Proposal:Corporate sponsors via corporate pages
To raise money for the WikiMedia Foundation to supplement or replace the annual donation drive - by creating a paid advertising namespace in Wikipedia. Later: To allow any Wikimedia project to provide a similar advertising namespace, where appropriate.
To create a new namespace within Wikipedia for paid advertising. www.wikipedia.org/advertiser/*
These pages would not replace, or interfere with, the mainspace articles. At most, a small text-box would point to the advertisement-space article; similarly to the Wiktionary outboxes on many articles. Beyond that, they will only attract people by being useful and informative to readers and editors, just like any other WikiMedia project.
Companies, organisations or individuals would be able to buy articles at a fixed price. (Purely for example, US$1,000 per article for individuals & NPOs, US$10,000 per article for commercial entities. For example, Microsoft (to pick a classic much-hated company) might buy pages for "Microsoft", "Windows", "Bing", "X-Box 360" and so on, at ten grand a pop.)
The buyer would be required to create the page, provide all the material, and conform to Wikipedia's rules about references, libel, copyright, etc. Only the POV, notability, page-ownership and maybe original-research rules would be eased.
These pages would be in a different colour to any other WikiMedia page (does anyone use green?) and carry a banner at the top:
- This page is a advertisement paid for and maintained by [companyname]
Report breaches of the [link|code] of conduct [link|here]
Similarly any links to a sponsored page would be noticably different from the standard blue-links (again, perhaps green.)
A special group of admins would be empowered to oversee the pages to ensure the buyer complies with whatever rules are created for such pages. A separate ethics board would review for any violations of a code of conduct by WikiMedia and the admins.
If the idea proves successful for Wikipedia, it might be expanded to other WikiMedia projects. For example, WikiNews might adopt a press-release name-space: www.wikinews.org/pressrelease/*. It may even be possible to create entire sponsored projects that wouldn't otherwise exist.
Keeps Wikimedia projects free for consumers and fundraising is hopefully no longer necessary. To provide a constant source of external income for the Foundation without begging for donations every year, and without the perceived conflict of interest of any other form of sponsorship.
Providing an incentive for organisations to create and donate public domain or at least Wiki-licensed material about themselves, especially logos and other images, which would be usable in the article main-space. (Often these are locked behind restrictive copyright, even though they are intended for publicity.)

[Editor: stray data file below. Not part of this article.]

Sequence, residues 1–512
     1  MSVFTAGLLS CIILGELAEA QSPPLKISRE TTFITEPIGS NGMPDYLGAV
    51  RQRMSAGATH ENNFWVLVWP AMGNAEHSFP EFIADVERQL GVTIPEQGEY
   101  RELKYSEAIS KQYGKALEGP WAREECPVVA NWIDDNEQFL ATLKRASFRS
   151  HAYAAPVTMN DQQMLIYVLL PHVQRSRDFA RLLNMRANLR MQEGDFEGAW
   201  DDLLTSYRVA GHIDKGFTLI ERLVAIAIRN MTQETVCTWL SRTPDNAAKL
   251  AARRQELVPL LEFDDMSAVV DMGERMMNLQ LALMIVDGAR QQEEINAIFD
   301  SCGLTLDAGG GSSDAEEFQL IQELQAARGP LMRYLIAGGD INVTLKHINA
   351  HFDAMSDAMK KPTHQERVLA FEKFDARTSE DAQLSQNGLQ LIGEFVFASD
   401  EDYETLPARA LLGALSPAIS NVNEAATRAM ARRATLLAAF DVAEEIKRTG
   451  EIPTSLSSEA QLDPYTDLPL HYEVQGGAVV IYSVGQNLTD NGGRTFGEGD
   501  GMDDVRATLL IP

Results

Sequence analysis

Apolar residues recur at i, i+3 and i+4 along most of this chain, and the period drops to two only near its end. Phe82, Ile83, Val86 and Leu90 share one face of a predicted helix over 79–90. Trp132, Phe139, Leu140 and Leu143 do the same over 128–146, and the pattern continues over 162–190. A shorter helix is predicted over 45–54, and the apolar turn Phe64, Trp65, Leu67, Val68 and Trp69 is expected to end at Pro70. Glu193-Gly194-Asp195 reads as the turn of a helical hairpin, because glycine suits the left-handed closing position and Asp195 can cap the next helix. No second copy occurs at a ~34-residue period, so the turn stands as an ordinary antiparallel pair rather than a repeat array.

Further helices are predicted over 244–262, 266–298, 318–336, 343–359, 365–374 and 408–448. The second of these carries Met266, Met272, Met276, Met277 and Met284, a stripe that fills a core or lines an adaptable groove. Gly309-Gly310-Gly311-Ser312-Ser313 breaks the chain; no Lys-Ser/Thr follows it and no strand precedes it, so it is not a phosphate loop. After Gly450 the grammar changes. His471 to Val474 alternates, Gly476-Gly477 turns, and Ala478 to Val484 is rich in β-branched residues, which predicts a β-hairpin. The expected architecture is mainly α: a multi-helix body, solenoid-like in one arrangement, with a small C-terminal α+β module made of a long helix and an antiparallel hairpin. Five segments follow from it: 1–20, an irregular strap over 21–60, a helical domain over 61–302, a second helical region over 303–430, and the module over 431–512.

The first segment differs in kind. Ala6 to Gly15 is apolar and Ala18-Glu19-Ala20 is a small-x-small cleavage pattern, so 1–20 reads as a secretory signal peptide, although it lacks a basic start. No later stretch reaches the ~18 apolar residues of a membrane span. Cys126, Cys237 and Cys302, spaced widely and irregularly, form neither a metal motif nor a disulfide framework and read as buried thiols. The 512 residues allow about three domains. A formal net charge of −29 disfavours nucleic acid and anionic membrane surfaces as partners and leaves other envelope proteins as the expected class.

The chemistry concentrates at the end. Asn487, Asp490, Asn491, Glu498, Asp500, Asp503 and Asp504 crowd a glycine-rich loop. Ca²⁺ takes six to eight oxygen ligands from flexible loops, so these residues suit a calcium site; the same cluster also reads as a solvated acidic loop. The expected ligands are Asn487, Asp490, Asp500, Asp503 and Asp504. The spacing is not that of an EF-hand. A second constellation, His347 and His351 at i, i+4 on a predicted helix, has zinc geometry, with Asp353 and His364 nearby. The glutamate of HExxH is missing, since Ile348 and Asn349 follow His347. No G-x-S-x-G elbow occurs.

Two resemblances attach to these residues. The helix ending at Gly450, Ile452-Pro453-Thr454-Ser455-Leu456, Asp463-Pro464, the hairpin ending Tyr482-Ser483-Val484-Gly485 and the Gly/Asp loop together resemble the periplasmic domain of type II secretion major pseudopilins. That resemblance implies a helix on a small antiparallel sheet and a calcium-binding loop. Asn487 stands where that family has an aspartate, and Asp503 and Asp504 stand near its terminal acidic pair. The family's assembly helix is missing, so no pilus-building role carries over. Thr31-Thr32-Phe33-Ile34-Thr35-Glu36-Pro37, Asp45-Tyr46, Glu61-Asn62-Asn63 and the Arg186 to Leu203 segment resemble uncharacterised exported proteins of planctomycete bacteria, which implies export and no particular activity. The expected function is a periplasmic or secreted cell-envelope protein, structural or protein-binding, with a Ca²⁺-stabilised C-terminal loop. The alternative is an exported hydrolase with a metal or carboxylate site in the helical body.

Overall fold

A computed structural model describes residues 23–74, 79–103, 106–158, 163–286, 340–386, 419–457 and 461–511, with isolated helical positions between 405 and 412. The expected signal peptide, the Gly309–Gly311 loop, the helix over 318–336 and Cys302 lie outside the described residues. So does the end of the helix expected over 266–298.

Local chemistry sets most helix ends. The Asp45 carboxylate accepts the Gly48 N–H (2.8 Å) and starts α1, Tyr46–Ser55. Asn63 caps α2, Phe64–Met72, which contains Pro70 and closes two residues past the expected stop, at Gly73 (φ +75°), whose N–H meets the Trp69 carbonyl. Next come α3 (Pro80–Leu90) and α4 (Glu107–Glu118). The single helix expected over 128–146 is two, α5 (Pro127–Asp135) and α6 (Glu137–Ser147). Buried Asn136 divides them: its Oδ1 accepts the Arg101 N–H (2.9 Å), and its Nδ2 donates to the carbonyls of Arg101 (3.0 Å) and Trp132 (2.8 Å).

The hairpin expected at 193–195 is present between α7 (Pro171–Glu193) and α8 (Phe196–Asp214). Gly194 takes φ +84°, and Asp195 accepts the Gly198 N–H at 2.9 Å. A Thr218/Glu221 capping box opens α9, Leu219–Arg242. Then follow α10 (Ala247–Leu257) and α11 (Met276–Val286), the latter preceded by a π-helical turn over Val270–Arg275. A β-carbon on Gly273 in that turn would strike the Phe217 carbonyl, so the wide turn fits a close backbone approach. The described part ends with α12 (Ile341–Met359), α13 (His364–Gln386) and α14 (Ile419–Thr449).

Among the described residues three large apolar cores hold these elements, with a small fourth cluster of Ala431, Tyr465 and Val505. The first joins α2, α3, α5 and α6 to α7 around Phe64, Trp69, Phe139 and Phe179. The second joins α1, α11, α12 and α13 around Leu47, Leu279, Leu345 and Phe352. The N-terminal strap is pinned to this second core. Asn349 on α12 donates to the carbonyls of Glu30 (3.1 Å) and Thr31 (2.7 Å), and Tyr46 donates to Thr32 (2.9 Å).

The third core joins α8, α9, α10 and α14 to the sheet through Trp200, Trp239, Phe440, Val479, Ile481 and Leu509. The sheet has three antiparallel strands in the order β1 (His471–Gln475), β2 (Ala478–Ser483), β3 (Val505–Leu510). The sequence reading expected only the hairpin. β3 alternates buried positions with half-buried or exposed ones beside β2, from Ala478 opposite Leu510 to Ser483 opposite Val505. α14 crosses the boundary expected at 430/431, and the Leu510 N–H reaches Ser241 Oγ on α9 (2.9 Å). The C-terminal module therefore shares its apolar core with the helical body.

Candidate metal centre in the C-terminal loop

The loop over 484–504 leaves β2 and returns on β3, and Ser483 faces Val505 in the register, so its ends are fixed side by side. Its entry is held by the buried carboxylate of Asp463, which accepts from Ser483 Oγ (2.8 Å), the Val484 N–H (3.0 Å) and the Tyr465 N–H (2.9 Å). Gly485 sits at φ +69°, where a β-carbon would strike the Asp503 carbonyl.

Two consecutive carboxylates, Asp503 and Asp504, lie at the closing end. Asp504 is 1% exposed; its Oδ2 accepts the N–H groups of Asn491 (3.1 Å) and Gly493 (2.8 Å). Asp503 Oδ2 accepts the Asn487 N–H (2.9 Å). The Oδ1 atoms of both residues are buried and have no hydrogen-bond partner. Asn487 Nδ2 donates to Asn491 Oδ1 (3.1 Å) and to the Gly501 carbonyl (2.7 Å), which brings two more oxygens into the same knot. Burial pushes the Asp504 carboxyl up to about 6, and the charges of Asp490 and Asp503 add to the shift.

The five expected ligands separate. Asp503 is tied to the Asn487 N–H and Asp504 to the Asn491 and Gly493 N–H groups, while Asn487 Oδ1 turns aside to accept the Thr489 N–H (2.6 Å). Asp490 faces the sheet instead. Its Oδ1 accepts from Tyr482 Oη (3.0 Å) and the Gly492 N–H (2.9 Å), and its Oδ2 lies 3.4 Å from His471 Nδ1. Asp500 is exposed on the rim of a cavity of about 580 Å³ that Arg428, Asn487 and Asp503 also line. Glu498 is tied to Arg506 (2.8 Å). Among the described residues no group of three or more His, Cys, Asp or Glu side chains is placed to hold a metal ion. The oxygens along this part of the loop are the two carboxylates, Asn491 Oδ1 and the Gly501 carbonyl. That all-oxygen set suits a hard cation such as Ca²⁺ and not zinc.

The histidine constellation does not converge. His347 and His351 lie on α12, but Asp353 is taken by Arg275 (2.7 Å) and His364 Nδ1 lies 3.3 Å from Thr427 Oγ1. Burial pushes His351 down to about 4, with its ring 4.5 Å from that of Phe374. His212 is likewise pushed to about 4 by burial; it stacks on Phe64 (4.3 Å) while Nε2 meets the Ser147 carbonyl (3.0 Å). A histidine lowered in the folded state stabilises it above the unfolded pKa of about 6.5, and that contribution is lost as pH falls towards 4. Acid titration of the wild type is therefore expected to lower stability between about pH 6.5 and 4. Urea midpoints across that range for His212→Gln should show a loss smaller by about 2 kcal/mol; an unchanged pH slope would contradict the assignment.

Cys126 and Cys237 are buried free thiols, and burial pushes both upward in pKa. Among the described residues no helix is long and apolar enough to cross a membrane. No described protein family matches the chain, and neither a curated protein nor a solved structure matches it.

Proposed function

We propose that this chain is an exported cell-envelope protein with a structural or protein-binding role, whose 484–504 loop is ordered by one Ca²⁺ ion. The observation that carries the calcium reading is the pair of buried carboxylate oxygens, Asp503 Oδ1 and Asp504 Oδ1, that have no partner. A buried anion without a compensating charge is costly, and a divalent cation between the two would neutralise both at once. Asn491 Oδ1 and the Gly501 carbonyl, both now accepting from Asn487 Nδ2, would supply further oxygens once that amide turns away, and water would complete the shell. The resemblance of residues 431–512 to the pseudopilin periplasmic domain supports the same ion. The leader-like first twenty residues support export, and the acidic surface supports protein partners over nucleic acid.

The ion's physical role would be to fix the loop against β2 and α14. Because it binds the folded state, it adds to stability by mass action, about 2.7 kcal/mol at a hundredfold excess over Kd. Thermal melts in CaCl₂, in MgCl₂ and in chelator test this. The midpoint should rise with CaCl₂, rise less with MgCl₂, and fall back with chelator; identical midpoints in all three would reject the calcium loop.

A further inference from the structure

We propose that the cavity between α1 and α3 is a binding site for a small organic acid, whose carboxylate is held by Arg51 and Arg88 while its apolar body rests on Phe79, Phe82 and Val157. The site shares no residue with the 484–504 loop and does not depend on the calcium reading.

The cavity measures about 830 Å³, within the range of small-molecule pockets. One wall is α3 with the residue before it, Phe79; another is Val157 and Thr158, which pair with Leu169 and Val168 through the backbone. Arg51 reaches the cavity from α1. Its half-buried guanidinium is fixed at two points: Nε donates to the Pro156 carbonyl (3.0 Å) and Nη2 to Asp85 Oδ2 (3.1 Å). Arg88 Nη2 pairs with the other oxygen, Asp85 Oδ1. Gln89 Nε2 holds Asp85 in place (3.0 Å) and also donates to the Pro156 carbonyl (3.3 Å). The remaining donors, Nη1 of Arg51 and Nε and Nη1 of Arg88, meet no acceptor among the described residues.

To change the whole idea of advertising to being about providing information into the public domain. Every organisation should have a publicly available encyclopaedia and historical archive. Most barely manage more than their current "special offers". We need to spread the ideology of free information being fundamentally good. Psychologically, getting them to pay for it means they will value it more.
- Can this be done in a way that doesn't invite editorial interference?
- Would this increase rather than decrease the tendency to POV-vandal and edit-war main articles about those same companies/organisations/products/individuals?
- Conflicts over ownership of names. To use the above example, does Microsoft sufficiently own the generic term "Office", simple because it is a product? Solve with overly tight rules, or first come first served, or highest bidder wins?
- Does buying an ad-space article suddenly make you notable in the main-space?
- Are there enough companies with enough money to act as sponsors?
- Will existing users get irritated now ads suddenly appear?
Minimal cost to physically set up.
Buckets of legal cost to establish standard binding contracts, external to the Wiki-rules.
Volunteer time cost, to administer the advertisement namespace. We can assume any major company will always try to push the rules, even the contract agreement, to its limit.
(I'm sure proposals like this have been discussed ad nauseum. Feel free to add links to previous WikiPolicy debates here, along with external articles on the theme.)
- For a similar proposal, coming from a different angle, see Proposal:Solicited advertisement
- While Proposal:Create new projects and put them for sale takes it even further.
Do you have a thought about this proposal? A suggestion? Discuss this proposal by going to Proposal talk:Corporate sponsors via corporate pages.
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